• Contact Us

Online Safety Bill Makes Its Journey Through to Parliament

on Tuesday, 22 February 2022.

The use of social media networks and video sharing platforms has exploded over the last decade, resulting in the introduction by the UK Government of the revolutionary Online Safety Bill (OSB).

Whilst primarily looking to target companies that deliver user-generated content (UGC), such as Twitter/Facebook and also video sharing platforms, the OSB also imposes a duty of care on organisations to protect users from harmful content by:

  • preventing the production of illegal content and activity online
  • ensuring that children and adults who use their services are not exposed to content that is 'harmful' (although not illegal).

Ofcom will be the online safety regulator and is required to prepare codes of practice to assist providers in complying with their duties of care.

Which Organisations Will Be Caught?

The OSB will apply to 'user-to-user' services and to search engines. User-to-user services are those that do one or both of the following:

  • Host UGC that can be accessed by users in the UK.
  • Facilitate public or private online interaction between service users, one or more of whom is in the UK.

We have not been provided with any definition of 'user', but the following are identified as not users/falling outside the OSB:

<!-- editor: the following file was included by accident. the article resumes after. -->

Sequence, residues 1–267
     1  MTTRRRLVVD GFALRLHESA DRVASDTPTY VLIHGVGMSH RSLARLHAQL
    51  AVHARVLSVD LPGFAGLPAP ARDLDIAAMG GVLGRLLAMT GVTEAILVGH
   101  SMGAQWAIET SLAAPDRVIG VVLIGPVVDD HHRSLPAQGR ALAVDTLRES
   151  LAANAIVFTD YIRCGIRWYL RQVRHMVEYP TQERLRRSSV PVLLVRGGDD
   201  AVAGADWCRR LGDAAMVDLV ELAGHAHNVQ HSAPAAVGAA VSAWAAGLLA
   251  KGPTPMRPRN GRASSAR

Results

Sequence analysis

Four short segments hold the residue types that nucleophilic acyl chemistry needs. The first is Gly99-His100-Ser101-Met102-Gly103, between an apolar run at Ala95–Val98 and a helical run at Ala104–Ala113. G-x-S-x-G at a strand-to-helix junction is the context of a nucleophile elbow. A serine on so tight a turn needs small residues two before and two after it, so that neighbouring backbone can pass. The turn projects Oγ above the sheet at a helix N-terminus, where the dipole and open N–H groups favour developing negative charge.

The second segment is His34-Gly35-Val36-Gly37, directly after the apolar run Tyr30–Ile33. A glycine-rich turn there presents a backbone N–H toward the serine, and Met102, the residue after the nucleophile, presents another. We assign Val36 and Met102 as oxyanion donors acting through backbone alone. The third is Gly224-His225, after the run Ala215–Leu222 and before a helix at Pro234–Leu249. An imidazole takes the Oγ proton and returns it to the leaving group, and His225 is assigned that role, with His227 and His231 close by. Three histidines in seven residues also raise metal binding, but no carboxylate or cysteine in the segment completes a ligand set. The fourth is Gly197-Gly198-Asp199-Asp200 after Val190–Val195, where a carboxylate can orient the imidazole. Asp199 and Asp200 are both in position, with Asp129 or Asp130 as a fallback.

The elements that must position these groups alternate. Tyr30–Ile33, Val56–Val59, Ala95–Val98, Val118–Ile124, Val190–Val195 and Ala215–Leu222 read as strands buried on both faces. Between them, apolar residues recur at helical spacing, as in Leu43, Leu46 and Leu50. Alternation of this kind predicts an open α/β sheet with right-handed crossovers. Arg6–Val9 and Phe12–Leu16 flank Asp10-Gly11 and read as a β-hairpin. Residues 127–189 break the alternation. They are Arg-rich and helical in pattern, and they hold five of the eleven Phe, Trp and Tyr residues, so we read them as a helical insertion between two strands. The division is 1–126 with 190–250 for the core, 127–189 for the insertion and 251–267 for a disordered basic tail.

• internet service providers
  • low-risk businesses with limited functionality such as services where users can only communicate by posting comments/reviews
  • emails and text messages
  • one-to-one live aural communications
  • paid-for advertisements

Where Next for the OSB and How Can Universities Be Prepared?

In December 2021, the joint committee published a report recommending major changes to the draft OSB, including additional responsibilities for Ofcom, requiring service providers to conduct internal risk assessments and create an 'online safety policy', to which users must agree.

If accepted, these recommendations will be incorporated into the OSB before it makes its way to legislation.

The aim of the proposed legislation is to reach a balance between internet safety and the right to freedom of expression and privacy. As it currently stands, many unanswered questions remain not only in context of this tension but also arising from the various gaps in the bill. What is clear is that OSB potentially has wide-ranging application.

Universities with an online presence will need to scrutinise the online content and services they provide and consider the adoption of a proactive online safety policy, and put in place a process for ongoing risk assessments.

A version of this article first appeared in University Business on 27 January 2022.

For further information about the Online Safety Bill please contact Sarah Webb in our Commercial Law team on 07718 384 3737 or complete the form below.

Get in Touch

First name(*)
Please enter your first name.

Last name(*)
Invalid Input

Email address(*)
Please enter a valid email address

Please insert your telephone number.

How would you like us to contact you?

Invalid Input

How can we help you?(*)
Please limit text to alphanumeric and the following special characters: £.%,'"?!£$%^&*()_-=+:;@#`

See our privacy page to find out how we use and protect your data.

Invalid Input